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TABLE 7. Coefficients of determination of relationships obtained from simple regression analysis of destructively obtained parameters nitrogen uptake, nitrogen concentration, biomass fresh and dry weight with spectral indices (calculated as normalized difference indices) of wheat for each individual measurement date and for all dates (March 4, March 17, April 1, April 14) in 2014 together.

TABLE 8
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TABLE 8. Coefficients of determination of relationships obtained from simple regression analysis of destructively obtained parameters nitrogen uptake, nitrogen concentration, biomass fresh and dry weight with spectral indices (calculated as normalized difference indices) of wheat for each individual measurement date and for all dates (March 29, April 4) in 2016 together.

FIGURE 3
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FIGURE 3. The relationship between the spectral index (R710 – R640)/(R710 + R640) and the (A) biomass fresh weight, (B) biomass dry weight, (C) nitrogen concentration, and (D) nitrogen uptake of the wheat cultivar Kerubino at four growth stages grown in experimental plots in 2014. Statistical information is given in Table 7.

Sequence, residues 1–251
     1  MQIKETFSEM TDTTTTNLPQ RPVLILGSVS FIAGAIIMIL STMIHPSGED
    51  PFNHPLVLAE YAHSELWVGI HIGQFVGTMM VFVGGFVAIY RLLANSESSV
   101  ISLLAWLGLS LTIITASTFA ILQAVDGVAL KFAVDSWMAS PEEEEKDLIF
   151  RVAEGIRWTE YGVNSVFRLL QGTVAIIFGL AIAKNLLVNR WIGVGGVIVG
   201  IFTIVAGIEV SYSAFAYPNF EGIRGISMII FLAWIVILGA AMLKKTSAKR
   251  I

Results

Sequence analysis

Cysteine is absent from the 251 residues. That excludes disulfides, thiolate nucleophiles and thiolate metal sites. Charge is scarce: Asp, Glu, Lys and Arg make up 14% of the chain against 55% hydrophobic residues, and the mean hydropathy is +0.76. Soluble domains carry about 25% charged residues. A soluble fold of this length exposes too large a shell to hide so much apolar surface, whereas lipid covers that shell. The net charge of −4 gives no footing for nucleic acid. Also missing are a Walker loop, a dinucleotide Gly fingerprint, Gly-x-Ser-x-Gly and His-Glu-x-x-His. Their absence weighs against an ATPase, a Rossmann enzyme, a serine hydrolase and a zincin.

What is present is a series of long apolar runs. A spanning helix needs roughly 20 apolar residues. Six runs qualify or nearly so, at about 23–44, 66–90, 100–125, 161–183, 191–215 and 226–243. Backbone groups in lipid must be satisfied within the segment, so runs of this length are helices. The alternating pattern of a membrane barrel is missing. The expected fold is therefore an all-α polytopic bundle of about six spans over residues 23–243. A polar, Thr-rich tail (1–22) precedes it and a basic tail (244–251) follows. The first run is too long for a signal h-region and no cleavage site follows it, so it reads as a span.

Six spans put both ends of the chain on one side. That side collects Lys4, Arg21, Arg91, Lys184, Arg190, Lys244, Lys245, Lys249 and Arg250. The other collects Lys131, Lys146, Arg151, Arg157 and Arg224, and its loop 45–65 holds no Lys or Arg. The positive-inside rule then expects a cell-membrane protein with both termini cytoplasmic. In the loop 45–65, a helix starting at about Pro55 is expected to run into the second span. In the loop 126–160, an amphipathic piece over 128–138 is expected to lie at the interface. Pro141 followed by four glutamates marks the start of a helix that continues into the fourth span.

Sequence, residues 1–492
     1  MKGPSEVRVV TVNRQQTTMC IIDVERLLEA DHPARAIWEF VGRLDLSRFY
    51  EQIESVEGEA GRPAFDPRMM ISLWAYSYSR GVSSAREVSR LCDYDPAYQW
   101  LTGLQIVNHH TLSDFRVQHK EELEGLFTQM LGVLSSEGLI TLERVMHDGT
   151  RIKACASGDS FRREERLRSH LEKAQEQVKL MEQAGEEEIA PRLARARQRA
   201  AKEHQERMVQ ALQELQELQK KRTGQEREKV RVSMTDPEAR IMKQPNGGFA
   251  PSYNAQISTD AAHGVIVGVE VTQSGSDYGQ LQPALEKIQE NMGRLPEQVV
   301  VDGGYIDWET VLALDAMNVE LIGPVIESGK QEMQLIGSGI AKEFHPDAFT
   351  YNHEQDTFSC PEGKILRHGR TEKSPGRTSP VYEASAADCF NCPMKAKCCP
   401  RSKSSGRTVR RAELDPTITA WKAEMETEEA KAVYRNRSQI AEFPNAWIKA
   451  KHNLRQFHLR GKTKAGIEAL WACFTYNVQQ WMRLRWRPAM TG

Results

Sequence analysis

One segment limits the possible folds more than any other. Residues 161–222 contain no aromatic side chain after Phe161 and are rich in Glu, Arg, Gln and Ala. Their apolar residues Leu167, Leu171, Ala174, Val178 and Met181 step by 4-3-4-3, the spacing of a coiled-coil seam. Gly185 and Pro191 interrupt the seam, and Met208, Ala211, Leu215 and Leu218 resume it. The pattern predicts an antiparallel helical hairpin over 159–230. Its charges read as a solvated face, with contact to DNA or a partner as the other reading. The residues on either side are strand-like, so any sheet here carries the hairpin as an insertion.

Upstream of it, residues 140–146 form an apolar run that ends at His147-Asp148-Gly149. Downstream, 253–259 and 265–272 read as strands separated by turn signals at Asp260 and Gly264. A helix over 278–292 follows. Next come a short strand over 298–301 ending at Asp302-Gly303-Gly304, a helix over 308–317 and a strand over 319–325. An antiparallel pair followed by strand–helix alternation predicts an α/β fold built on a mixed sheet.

FIGURE 4
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FIGURE 4. The relationship between the spectral index (R710 – R640)/(R710 + R640) and the (A) biomass dry weight, (B) nitrogen concentration, and (C) nitrogen uptake of the field grown wheat cultivar Kerubino at two growth stages in 2016. Statistical information is given in Table 8.

Prediction of Biomass Fresh and Dry Weight, Nitrogen Concentration and Nitrogen Uptake by Partial Least Squares Regression Analysis

The quality of the PLSR models is presented through adjusted coefficients of determination of calibration (R2 cal) and validation (R2 val), root mean square errors (RMSE cal and val) and the slope of linear regression for calibration and validation models at four measurement dates (Tables 9, 10 and Figures 5, 6). The coefficients of determination varied in the 2 years from 0.40∗∗ to 0.95∗∗∗ for all parameters across all validation data set formations. The coefficients of determination varied from 0.21∗∗ to 0.93∗∗∗ for all parameters across all validation data set formations, whereas the RMSE varied from 47.5 to 367.4 kg ha-1 for the biomass fresh weight, from 26 to 111.2 kg ha-1 for the biomass dry weight, from 0.10 to 0.53% for the nitrogen concentration and from 0.8 to 4.2 kg ha-1 for the nitrogen uptake across all calibration and validation data set formations. Across all dates of biomass fresh weight samplings, the highest slopes of the calibration and validation data sets were found to be 0.93 and 0.92, respectively (Tables 9, 10).